They describe the inhuman conditions in which political prisoners are held in the USSR: officially they are considered, by the way, as common criminals, although they are held separately from such people. The authors especially stress the inevitability of the repressions to which morally strong people are subjected when they defend their dignity and spiritual freedom (an example is the dispatch in spring 1971 to Vladimir Prison of the priest B. B. Zalivako). [87] This is true to an even greater degree as regards people who express active protests.

“In July 1970, in Camp 19, infuriated by the tyranny of the administration, 18 people carried out a Six-day hunger-strike in protest. [88] They were all immediately subjected to various repressions, and four of them –  N. Dragosh, N. Tarnavsky, V. Kulynin and S. Zatikyan [89] were transferred to Vladimir Prison … for participating in a hunger-strike with the aim of avoiding work.”

On 28 August [1971], also in Camp 19, fourteen prisoners of various nationalities, convictions and religious beliefs declared a hunger strike, demanding the quashing of an illegal decision by a court which had sentenced two of their comrades to be transferred to Vladimir Prison: one for “malicious infringement of the regime”, which consisted of “walking to the dining room out of line”, “walking about the camp territory in slippers”, “rising at reveille three minutes late”, and so on, and the other for refusing to surrender a manuscript and a booklet of religious content during the humiliating procedure of a body search. All of these people, also, were subjected to various repressions. [90]

Cases are then listed of the death of political prisoners because of the criminal negligence of the camp doctors, who carry out the orders of “the operations officials” (the death before the eyes of the medical personnel in winter 1969 of [Rashid] Dinmukhamedov, who had slit his veins in protest at the refusal to give him medical aid (see CCE 17 and also its Supplement 17.14//]; the suicide of [Juozas] Lankauskas, who had earlier been ruled of unsound mind but later transferred from the hospital to a camp [CCE 12.// and Supplement to 17.14//]; the murder by a guard of another mentally ill person, B. Zitkiavicius, who in summer 1967 entered the forbidden zone).

The letter reports that to mark the anniversary of the adoption by the UN of the Declaration of Human Rights many prisoners declared a hunger strike of protest from 8 to 10 December. At Camp-section 3/1, for example, 30 people took part in the strike, and the flag of the United Nations was flown, together with symbolic ribbons of mourning. The names of those who suffered repressions for this strike are given. Among those repressed were several of the authors of the letter.

The last words of the letter are: “We ask for help, we ask for your collaboration, we ask you to bring this appeal to the knowledge of world public opinion.”

[Commentary No 23]

NOTES

23.3     Hunger Strikes by Political Prisoners

[83] For extracts, which add significantly to those given here, see The Times, 10 December 1971, and a Reuter dispatch of 9 December. On Gennady Gavrilov, a naval officer of 34, Nikolai Ivanov, an art historian of 34, Vladlen Pavlenkov, a history lecturer df 42, Yury I. Fyodorov, a formed MVD investigator of 35, and Ivan Kandyba, a Ukrainian lawyer of 41, see Reddaway, Uncensored Russia. On Bondar see “News in Brief” in this issue (CCE 23.//). Alexander K. Chekhovskoi, 24, and V. A. Abankin are both workers about whose cases little is yet known.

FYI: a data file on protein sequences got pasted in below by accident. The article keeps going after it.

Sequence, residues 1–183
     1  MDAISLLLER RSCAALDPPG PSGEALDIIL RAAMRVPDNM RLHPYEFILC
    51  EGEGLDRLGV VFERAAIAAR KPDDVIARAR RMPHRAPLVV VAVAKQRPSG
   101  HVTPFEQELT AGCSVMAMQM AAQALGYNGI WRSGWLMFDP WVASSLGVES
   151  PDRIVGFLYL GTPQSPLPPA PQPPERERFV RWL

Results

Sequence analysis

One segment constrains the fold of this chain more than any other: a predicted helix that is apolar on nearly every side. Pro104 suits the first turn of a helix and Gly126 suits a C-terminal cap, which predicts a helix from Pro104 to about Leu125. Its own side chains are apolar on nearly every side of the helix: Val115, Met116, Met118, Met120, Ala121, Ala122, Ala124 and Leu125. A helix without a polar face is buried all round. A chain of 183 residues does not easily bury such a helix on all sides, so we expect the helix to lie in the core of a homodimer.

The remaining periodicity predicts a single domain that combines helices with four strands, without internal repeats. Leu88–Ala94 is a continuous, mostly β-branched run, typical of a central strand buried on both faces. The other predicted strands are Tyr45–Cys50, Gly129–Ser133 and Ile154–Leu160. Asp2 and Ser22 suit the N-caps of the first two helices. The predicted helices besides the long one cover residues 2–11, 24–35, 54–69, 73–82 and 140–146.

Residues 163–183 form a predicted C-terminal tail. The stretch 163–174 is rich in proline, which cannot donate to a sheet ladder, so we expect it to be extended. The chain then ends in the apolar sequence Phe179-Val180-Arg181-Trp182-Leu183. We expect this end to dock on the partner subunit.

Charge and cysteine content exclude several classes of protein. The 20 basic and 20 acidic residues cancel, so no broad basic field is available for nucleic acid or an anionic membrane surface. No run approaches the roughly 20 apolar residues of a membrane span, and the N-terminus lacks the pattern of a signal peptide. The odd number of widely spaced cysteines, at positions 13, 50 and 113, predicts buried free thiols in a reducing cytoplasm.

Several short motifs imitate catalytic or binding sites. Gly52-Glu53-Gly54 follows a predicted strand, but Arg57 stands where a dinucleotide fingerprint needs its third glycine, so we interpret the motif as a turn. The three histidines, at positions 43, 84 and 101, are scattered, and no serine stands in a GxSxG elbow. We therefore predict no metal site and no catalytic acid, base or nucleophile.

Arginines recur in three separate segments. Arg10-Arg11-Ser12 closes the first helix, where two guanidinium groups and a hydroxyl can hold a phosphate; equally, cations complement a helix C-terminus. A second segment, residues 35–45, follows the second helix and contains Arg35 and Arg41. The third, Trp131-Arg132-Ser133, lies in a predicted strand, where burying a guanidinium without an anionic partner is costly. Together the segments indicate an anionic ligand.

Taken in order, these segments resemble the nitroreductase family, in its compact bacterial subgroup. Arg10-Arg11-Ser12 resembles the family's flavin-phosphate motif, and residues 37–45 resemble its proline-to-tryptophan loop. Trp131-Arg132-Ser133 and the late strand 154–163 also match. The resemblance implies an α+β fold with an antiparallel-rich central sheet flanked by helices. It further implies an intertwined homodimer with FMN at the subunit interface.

[84] See texts in Ian Brownlie, ed., Basic Documents on Human Rights, Oxford, 1971.]

[85] For detailed descriptions of the situation which provokes these demands see especially A. Marchenko, My Testimony, Penguin, 1971, and various documents in V. Chornovil, The Chornovil Papers and Michael Browne, Ferment in the Ukraine.

[86] For additional extracts see The Times, 31 December 1971, and a Reuter dispatch of 30 December. The Daily Telegraph, London, reported on 1 January 1972 that the Red Cross had not yet received the full text of the appeal, but that the President of its International Committee in Geneva, M. Marcel Naville, intended to study the question of political imprisonment in the USSR without delay.

On Sergei Ponomaryov, an arts graduate of 26, Sergei Malchevsky, an artillery-school graduate and taxi-driver of 36, and Vyacheslav Platonov, an orientalist of 30, see Reddaway, Uncensored Russia pp. 390-92, 480 and 376-80, the “Register of People Sentenced in the 1960’s”, and Possev: 9-yi spetsialnyi vypusk.

[86] … Frankfurt, October 1971, prisoners 85 and 62. On Simas Kudirka, a Lithuanian naval telegrapher of 42, Oleg Frolov, a student of 23, Paruir Airikyan (can also te transliterated Flairikyan), an Armenian student of 33, and Vyacheslav Rodionov, a carpenter of 26, see CCE 20, 12 and 14, 16 and 16 respectively, and the “Register”, prisoners 6 and 58. Jonas Silinskas is a Lithuanian student of 28, and A. A. Jastrauskas a Lithuanian worker of 29.

[87] On Boris Zalivako, aged 31, see CCE 17.

[88] On this strike see CCE 15, and Possev: Shestoi spetsialnyi vypusk, February 1971, p. 19.

[89] On Nikolai Dragosh, a headmaster of 39, and Nikolai Tarnavsky, a teacher of 31, see CCE 18 and 20 and the “Register”, prisoners 37 and 38. On Vasily Kulynin, a Ukrainian lathe-operator of 28, see CCE 17 and “Register”, prisoner 35. On Stepan Zatikyan, an Armenian student of 25 sentenced in 1968, see “Register”, prisoner 46, and CCE 18, which, however, erroneously suggests that he was sentenced at one of the Armenian trials described in CCE 16. In fact, Zatikyan’s group produced the paper Paros in 1968 or earlier, and later, at the second of these trials, in 1970, Airikyan was charged with having circulated it among his own group.

[90] See further details of this strike in CCE 22.// “News from the Mordovian Camps and Vladimir Prison”.